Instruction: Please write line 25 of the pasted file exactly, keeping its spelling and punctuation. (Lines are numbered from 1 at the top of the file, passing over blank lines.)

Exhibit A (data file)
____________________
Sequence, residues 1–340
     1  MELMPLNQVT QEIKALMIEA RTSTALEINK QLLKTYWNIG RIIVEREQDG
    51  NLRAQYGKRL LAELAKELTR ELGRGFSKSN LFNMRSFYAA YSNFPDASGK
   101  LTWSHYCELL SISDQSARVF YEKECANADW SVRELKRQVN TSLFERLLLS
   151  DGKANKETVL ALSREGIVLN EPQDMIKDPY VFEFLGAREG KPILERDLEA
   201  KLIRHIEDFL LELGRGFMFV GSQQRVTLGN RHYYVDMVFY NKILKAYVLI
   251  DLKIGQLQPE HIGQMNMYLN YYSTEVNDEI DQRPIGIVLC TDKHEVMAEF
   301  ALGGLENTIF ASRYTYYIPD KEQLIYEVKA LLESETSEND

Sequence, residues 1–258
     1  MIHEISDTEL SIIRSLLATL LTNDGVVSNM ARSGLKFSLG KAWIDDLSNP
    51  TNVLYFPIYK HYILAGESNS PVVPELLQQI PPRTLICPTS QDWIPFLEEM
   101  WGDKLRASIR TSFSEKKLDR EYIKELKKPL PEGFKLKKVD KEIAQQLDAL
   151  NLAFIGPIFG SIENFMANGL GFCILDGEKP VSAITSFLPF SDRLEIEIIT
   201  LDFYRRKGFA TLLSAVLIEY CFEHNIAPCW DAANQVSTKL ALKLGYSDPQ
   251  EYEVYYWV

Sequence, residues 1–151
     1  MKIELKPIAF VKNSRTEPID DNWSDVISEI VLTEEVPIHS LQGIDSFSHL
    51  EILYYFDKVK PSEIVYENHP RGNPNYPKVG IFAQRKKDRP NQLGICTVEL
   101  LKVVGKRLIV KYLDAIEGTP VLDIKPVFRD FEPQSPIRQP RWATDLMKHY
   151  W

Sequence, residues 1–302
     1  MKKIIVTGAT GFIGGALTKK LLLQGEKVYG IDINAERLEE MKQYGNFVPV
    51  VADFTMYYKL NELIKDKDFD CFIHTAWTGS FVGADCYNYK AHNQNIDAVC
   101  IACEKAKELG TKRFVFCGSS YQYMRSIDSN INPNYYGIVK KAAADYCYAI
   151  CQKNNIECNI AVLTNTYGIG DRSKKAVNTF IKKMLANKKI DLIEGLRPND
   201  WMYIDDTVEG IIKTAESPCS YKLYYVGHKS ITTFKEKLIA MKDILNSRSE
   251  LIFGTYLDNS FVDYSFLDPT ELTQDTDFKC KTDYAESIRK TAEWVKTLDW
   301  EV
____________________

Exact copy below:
   151  CQKNNIECNI AVLTNTYGIG DRSKKAVNTF IKKMLANKKI DLIEGLRPND